Eco Justice

The Eco-Justice Unit of the Diocese supports parish and diocesan initiatives addressing environmental and social justice issues impacting the region and the world.

In recent years, the Unit has been particularly focused on responsible resource development, including Canadian mining practices nationally and internationally and pipeline development in British Columbia. Additionally, the Unit has been active in the Metro Vancouver Alliance. An “Anglican Caucus” of the MVA has begun meeting and is particularly interested in the MVA’s focus area around social isolation.

For More Information

To find out more about this Ministry Unit Group, Contact The Reverend Margaret Marquardt, Chair, by email


April 1 Story on Urban Church Gardens from the Diocese of Toronto

BBC Article on Young Minds Solving Climate Change

Green Churches Network for February 2019

KAIROS Easter Video, March 27, 2018

Click this link to access the December 19 story about two MP's responding to the Eco-Justice Unit's email letter about Child Labour, specifically about child labour that is utilized in producing consumer products bought by Canadians.

National Housing Day (November 22) Statement from Archbishop Fred Hiltz

KAIROS Document Posts November 10, 2017. Check out these two documents.

Worker's Rights are Human Rights Dinner, November 16, 2017

April 2017, Cliff Caprani's report on the Election Accountability event produced by Metro Vancouver Alliance on April 4. In the article are links to the official MVA website report and an extensive Facebook photo album.

Clink the link to access Matt Gardner's August 31, 2016 article on the National Church website about the 2016 SEASON OF CREATION

Click the link to access Steve Bailey's report on the January 16, 2016 MVA Community Building and Information Event.

Click the link to access the December 14, 2015 Anglican Journal Story  - Anglicans Welcome End of Fossil Fuel Era

The Reverend Margaret Marquardt reports on the Earth and Spirit series co-sponsored by St. Anselm's

The diocesan presence in Metro Vancouver Alliance is the subject of this August 4, 2015, Anglican Journal web article by Diana Swift

Living Wage Motion unanimously passed by Vancouver City Council - July 8, 2015

Douglas Todd's, June 29, 2015 Blog: Metro Vancouver Alliance (MVA) pressing on livng wage, isolation, housing

Douglas Todd's, June 27, 2015 Blog: Pope's views on greed echo Vatican's critique of capitalism


Here is the address that mover Geri Grigg delivered when presenting Resolution #1 at Diocesan Synod, May 22nd, 2015

The concept of Living Wage is deeply rooted in social justice. Living wage allows families to pay their rent, buy food and heat their home rather than choose between those things. Living wage allows people to live in dignity and participate fully in the economy and in the community and to exercise their own agency. Living wage lifts people out of poverty. In Metro Vancouver the living wage is $20.68 per hour. You can find the living wage for your area at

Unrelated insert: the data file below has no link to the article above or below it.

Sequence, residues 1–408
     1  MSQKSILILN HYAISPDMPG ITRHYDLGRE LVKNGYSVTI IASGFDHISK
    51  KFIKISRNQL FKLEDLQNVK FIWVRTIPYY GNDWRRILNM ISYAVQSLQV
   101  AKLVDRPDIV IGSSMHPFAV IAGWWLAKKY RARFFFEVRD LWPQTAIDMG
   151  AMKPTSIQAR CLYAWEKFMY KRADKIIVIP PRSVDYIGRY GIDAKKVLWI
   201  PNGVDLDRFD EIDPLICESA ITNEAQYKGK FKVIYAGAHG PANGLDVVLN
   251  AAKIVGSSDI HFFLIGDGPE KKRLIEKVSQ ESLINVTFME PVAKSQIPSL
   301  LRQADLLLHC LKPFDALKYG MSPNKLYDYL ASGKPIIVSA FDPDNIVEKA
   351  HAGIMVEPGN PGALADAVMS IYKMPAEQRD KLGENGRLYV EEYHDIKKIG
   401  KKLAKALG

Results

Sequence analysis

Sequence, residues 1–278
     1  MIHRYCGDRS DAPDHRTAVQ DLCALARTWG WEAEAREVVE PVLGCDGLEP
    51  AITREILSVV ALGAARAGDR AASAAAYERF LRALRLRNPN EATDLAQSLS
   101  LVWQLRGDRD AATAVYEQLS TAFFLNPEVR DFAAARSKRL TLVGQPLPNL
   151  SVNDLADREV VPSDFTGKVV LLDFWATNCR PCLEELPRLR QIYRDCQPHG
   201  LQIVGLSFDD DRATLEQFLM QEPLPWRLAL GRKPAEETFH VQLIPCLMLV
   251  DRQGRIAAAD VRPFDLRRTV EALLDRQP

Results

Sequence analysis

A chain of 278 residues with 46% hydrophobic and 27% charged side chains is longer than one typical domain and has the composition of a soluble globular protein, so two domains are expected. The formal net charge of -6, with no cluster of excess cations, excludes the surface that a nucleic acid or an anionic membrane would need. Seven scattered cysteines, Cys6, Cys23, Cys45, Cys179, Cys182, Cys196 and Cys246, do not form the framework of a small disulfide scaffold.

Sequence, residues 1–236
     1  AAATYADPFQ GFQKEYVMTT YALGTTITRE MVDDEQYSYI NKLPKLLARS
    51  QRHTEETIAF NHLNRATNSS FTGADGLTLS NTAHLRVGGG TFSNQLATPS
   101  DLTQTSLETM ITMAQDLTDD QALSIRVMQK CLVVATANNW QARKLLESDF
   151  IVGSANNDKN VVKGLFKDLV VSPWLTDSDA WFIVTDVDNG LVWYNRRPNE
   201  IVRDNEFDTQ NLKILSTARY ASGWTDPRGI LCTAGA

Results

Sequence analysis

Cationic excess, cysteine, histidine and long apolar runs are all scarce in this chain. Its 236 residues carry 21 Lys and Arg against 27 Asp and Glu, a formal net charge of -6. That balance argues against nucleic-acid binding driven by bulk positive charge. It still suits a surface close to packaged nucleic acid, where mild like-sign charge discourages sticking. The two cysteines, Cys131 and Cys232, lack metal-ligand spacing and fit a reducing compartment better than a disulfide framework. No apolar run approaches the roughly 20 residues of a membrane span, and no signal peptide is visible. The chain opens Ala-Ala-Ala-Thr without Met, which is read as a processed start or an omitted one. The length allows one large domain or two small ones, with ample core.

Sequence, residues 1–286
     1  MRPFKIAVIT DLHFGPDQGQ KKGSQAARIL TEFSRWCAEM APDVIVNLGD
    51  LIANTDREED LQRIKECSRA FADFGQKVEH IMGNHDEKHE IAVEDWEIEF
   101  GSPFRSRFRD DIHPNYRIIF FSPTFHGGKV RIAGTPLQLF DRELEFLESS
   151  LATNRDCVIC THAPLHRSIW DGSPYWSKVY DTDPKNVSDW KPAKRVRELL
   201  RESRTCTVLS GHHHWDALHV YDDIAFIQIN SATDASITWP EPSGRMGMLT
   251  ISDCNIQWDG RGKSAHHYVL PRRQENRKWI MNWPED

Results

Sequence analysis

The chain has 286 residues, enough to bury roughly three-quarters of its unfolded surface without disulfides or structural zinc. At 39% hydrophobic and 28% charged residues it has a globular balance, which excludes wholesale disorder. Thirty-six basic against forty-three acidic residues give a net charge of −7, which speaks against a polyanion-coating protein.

Some of you in the room may be experiencing poverty but many will not have ever know true poverty. I would like to share a story so you can imagine what it is like to be poor. I live close to Commercial Drive and so I step out onto the Drive to enjoy some of the vibrant culture. I am there and yet I am apart because I am poor. I stop by the green grocers but I cannot discuss his goods because I cannot buy any. I see families enjoying ice creams but I left my children at home so I would not have to disappoint them yet again by denying them such a simple pleasure. I am poor. I smell the smokehouse and imaging what it would be like to cook a meal with a succulent sausage in the sauce but we eat our pasta with tomato sauce. I am poor. I am invited for coffee with friends but I make an excuse because while they are happy to treat me, I can never return the favour. Soon they stop asking. I am a part of my community and yet distinctly separate because I am poor.

Members of Synod we work hard in our parishes to help those in need by hosting soup kitchens and lunches, housing the homeless, running thrift shop; to alleviate the pain of poverty. This motion asks us to look inwardly and ask ourselves whether we are contributing to the poverty in our communities by not paying our employees a living wage. This motion brings us in line with other wider movements such as the Fight for 15. We are asking Synod members to support this motion to look at our practices through a living wage lens so that our own employees can fully be a part of their communities.

I move, Resolution 1

We affirm the Christian values inherent in the concept of the “Living Wage” and commit to exploring the process of becoming a Living Wage Employer through the leadership and direction of Diocesan Council and the appropriate Standing Committee over the next year.



  1. Geri Grigg presenting this address
  2. Reverend Steve Bailey on right speaking to the motion


Click to link to the LIVING WAGE INFORMATION AND 2012 RESOLUTION on the Church of England site.


Eco-Justice Membership and Information

The Eco-Justice Unit of the diocese of New Westminster is always looking for new members and new intiaitives. Contact us!